Over the weekend, Americans observed the eighth annual "National Prescription Drug Take-Back Day," an initiative to educate citizens about the potential abuse of medications that may be found around the home. Residents are being encouraged to make the one-day drive an everyday occurrence.
The Independent Democratic Conference, which controls the New York Senate with the Republicans, has released a list of proposals they say would lower the cost of living for seniors.
The conference on Wednesday proposed lowering the cost of prescription drugs, establishing an independent consumer advocate to help protect seniors from rising energy costs, enacting a Paid Family Leave plan for families to take care of their relatives, and freezing rent payments for middle-income seniors across the state, among other proposals.
A statewide coalition met today at the state capitol in Albany to call on New York lawmakers to take decisive action to combat the heroin and prescription drug epidemic through stronger prevention, treatment, and recovery efforts. The heroin epidemic is shaping up to be one of the greatest domestic threats of the young century. Not a day seems to go by when there isn't a headline involving the opioid. And something of a national conversation began when Vermont Governor Peter Shumlin devoted his entire state of the state address to heroin.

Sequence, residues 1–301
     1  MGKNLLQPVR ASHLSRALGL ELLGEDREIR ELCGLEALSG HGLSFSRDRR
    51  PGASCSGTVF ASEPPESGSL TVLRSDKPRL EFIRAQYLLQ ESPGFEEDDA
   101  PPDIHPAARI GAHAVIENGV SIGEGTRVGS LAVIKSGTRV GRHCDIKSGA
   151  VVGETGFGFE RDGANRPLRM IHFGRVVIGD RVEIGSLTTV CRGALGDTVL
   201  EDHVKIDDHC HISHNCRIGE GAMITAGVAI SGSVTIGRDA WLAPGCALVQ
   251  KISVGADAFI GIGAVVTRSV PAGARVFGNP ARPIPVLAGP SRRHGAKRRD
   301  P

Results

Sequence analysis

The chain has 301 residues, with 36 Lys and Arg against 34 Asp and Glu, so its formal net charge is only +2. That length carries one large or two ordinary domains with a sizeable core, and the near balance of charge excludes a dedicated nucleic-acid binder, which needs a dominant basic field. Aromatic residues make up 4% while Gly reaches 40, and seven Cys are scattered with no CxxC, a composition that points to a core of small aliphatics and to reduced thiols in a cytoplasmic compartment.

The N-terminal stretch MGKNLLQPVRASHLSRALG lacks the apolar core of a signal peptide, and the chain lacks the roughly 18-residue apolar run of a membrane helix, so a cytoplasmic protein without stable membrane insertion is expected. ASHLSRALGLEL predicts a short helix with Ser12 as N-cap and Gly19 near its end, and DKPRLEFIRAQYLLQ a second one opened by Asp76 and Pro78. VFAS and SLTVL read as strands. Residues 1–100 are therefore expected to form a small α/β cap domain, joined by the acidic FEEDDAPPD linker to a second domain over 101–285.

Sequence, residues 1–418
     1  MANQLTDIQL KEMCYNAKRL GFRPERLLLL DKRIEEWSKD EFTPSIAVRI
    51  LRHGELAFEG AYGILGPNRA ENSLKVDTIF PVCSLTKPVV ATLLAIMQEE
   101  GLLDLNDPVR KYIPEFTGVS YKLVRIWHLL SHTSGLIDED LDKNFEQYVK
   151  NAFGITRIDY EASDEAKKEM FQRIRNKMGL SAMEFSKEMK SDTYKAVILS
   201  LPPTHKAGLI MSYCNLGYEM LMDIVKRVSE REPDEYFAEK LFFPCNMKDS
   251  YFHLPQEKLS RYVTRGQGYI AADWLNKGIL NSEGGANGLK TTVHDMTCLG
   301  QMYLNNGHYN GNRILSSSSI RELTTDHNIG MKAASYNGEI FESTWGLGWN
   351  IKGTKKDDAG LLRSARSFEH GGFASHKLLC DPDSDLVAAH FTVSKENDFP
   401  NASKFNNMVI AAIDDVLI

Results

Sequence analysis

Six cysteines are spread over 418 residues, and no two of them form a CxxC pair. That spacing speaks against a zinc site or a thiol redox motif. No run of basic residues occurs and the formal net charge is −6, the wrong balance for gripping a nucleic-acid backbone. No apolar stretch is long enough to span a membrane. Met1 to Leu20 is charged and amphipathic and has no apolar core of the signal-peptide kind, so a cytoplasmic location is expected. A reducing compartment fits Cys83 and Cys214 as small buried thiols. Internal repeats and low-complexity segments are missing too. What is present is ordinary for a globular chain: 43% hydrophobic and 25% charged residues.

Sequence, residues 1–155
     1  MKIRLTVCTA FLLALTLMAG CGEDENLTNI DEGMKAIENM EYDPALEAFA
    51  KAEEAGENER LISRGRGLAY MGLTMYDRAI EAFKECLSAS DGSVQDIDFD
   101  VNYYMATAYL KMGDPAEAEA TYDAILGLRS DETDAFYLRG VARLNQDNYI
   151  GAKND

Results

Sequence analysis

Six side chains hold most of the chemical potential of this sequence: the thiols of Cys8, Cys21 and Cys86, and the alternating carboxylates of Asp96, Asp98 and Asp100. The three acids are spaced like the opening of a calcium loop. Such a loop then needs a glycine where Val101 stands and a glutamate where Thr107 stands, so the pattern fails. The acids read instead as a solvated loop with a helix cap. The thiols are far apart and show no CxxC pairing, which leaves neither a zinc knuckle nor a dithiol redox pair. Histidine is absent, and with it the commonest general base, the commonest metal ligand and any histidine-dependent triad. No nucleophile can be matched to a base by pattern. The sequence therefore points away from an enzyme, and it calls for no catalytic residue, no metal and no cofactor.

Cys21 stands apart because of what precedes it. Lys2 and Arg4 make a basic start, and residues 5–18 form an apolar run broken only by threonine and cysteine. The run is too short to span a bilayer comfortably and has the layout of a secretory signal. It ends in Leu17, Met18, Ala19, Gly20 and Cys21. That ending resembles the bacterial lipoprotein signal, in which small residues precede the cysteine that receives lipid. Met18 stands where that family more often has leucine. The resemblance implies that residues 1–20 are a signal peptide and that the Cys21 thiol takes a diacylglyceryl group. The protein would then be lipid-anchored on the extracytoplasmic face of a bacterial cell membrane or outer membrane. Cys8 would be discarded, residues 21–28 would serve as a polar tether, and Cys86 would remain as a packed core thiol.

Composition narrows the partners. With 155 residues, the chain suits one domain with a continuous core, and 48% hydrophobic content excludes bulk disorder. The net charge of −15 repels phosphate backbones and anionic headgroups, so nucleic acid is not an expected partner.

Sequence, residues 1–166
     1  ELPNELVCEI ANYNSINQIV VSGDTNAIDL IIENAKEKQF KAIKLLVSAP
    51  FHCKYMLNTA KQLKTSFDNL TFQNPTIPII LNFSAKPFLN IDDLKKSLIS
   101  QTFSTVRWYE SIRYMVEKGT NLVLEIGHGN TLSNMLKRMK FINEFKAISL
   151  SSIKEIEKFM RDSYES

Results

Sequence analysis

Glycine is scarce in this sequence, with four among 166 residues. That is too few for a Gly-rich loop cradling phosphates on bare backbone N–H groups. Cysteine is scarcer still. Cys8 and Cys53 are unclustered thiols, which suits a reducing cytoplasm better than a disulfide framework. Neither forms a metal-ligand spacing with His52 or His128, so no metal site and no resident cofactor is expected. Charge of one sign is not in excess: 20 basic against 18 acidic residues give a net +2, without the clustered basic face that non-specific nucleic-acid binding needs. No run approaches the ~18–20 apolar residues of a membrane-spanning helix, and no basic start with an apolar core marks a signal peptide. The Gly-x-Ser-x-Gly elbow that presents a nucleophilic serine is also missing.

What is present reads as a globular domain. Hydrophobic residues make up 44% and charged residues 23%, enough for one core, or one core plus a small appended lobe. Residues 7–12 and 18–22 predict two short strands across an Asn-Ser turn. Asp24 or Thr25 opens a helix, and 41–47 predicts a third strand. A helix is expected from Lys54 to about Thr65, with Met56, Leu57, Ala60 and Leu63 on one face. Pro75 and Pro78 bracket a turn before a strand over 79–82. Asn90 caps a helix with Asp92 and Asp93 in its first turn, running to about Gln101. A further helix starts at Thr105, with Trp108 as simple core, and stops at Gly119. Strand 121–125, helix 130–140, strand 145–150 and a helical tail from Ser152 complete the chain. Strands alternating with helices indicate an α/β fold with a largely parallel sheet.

Like many academics -- and contrary to the image of college professors as lazy scholars that take sabbaticals every other year and have their summers off -- I about have four or five full-time jobs. I direct a graduate program in bioethics, teach six courses (including two summer courses), and supervise four students each year as they complete their Masters projects.
Patient advocates and representatives of the medical community in Massachusetts are submitting comments to the state Board of Public Health to address regulations that aim to curb prescription drug abuse.
Signed into law by Governor Deval Patrick in 2012, An Act relative to prescription drug diversion, abuse and addiction, requires prescribers of pain killers to enroll in the state’s now-voluntary Prescription Monitoring Program upon renewal of their medical licenses. Currently about 1,700 prescribers in Massachusetts are enrolled in the program.
Vermont lawmakers are considering a bill — backed by law enforcement — to make people immune from prosecution on drug charges when they call 911 to report a friend is overdosing and in danger of death.
Chittenden County State's Attorney T.J. Donovan, Public Safety Commissioner Keith Flynn and Health Commissioner Dr. Harry Chen say their hope is not to condone drug use, but to reduce the number of drug overdose deaths. There were 73 in Vermont in 2012.
Next week, Berkshire residents can safely dispose their old and unused prescription medications in a county-wide effort to reduce drug abuse and addiction. WAMC’s Berkshire Bureau Chief Lucas Willard reports…
On Saturday, September 29th, officials and organizations throughout Berkshire County are cooperating in their sixth semi-annual drive to reduce and safely dispose unused prescription meds. Lois Daunis of the Northern Berkshire Community Coalition says her organization is just one of the parties organizing and participating in the event.
The Massachusetts legislature is pushing to finalize a number of bills before the end of the formal session, including one that would strengthen the state’s prescription drug monitoring program. WAMC’s Lucas Willard reports…